COUNTY NEWS: Outstanding bridge player dies aged 101

Alan Jeffery at Worthing Bridge Club in 2014, celebrating his 100th birthday

Alan Jeffery at Worthing Bridge Club in 2014, celebrating his 100th birthday

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Contract bridge players have paid tribute to one of the county’s finest competitors, who has died aged 101.

Alan Jeffery was still playing the card game until recently and is remembered for his skill at the bridge table.

Dick Wheeler, secretary of the Sussex County Contract Bridge Association, said: “Alan passed away peacefully on March 3. He reached the wonderful age of 101 last Christmas but his consummate skill at the bridge table, displayed regularly at Worthing until only a few weeks before his passing, reflected the fact that he honed his game on the London high stakes rubber bridge circuit in the 1950s, alongside running a highly-successful bookmaking business.”

Alan moved to Worthing on retirement in 1980 and became a qualified duplicate bridge teacher.

He was appointed president of Worthing Bridge Club in 2012 and was always active in encouraging the management committee to continue the positive evolution of the club and its offerings to members.

His name appears on the Worthing honours board 100 times, more frequently than any other, but his bridge career in the county is best summed up by one of his regular partners, Ken Shillam.

“Alan was an absolutely outstanding bridge player and even at 101 years was without doubt the best player at the Worthing club,” said Ken.

“I had the great honour of being his main partner during recent years.

“He was a few points short of being a Grand Master – a level he would have achieved several times over had he continued to play in EBU events. These demand great stamina, much travel, late nights, etc., and who can blame him for not wanting to take it a bit easier as the years ticked by.

“Plus his work as a high-level bookmaker for Ladbrokes frequently took him out of the country for long periods. That said, over the years he had been selected and played in the first teams for Surrey, Kent and Sussex - not many people can equal that.”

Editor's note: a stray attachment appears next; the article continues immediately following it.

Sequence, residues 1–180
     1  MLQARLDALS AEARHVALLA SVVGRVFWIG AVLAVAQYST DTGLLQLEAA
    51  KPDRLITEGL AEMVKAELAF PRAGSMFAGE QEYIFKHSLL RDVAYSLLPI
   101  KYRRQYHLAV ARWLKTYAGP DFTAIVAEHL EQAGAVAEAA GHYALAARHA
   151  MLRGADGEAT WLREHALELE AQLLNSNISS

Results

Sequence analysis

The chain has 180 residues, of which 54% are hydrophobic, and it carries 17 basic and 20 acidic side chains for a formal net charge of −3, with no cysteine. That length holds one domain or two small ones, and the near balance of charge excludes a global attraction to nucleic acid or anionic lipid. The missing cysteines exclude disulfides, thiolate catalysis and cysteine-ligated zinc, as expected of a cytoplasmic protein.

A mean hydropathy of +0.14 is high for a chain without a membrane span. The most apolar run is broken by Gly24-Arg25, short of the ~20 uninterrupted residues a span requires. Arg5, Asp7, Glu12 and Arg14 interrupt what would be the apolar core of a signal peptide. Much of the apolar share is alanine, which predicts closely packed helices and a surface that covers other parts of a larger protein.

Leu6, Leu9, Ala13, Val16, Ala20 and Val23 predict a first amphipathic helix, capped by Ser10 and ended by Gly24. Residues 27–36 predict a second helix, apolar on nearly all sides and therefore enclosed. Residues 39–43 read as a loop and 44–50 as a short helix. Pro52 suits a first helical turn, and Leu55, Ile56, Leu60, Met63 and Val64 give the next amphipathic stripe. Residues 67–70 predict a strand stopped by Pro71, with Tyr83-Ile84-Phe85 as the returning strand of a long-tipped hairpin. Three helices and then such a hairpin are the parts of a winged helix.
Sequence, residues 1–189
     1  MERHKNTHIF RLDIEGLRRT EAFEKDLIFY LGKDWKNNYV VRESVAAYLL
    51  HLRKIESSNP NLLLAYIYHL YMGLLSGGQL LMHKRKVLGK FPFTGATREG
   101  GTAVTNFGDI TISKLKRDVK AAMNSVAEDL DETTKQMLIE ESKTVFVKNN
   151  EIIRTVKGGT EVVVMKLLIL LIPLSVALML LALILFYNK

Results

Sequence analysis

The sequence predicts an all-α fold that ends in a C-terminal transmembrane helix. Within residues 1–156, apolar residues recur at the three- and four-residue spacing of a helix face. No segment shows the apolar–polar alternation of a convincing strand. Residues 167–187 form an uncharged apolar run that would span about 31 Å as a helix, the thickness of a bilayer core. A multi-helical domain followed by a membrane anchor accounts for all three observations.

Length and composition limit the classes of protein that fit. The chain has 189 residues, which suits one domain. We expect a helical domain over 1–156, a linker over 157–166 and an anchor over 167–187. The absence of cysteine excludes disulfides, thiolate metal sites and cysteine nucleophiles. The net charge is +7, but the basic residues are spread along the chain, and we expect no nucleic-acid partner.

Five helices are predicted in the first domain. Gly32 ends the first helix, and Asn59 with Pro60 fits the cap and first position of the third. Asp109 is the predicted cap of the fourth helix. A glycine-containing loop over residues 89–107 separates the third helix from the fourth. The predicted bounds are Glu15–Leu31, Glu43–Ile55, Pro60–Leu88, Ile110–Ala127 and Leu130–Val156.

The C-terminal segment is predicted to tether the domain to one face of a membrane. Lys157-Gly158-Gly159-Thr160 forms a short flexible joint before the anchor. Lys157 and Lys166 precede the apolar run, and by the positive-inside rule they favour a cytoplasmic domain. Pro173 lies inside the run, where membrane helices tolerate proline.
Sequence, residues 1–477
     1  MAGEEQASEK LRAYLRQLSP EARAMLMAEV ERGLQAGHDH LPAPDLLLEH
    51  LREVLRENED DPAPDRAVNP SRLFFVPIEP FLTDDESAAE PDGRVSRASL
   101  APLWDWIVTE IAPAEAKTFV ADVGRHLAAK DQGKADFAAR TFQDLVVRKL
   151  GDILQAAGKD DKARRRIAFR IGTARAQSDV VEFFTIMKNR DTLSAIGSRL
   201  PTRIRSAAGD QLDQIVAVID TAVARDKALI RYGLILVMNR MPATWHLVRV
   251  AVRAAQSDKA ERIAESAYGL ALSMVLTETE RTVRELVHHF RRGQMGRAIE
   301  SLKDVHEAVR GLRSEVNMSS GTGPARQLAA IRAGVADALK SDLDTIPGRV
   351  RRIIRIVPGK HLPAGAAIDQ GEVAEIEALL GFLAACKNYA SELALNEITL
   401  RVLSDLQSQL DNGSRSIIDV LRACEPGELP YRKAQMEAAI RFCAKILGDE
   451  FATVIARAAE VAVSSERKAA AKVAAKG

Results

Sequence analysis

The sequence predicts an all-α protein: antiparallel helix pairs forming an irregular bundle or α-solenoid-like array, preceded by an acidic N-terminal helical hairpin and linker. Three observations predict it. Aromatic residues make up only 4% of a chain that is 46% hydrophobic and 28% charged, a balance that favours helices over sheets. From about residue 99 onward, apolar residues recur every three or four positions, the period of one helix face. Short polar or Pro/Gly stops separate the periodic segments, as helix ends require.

Many people have benefited from his bridge lessons and testify to his teaching skills and general bridge wisdom.

Ken added: “Alan was not an easy person to play with simply because he was unbelievably good. I am confident he would have more than held his own, even at 100, with the county first teams of today.

“Watching him taking the correct line in bringing home tricky and seemingly unmakeable contracts always made one think ‘I couldn’t have done that’. Conversely, when I was declarer, he would watch every move with eagle eye and was often aware of my mistakes even before I made them.

“But he was quite tolerant of his partner’s shortcomings. What I particularly liked was the absence of any swagger or bravado about any of his superior moves.”

As well as representing Sussex, Alan was a regular winner of county events, including the Sussex pairs, bi-annual congress pairs and teams on several occasions. He was a six-times winner of both the senior sims and the new year Swiss teams, his last win being in the seniors in 2006 at the age of 91.

Ken concluded: “He will be fondly remembered by all at Worthing, particularly those who benefited from his expertise as a teacher and his incisive advice at the table, and will remain a hugely impressive example of the mental benefits of the mind sport that is contract bridge.”

The funeral will be at Kingswood Chapel, Worthing Crematorium, on Thursday, March 17, at 12.20pm. Donations to St Barnabas House hospice via the funeral director, H.D. Tribe.

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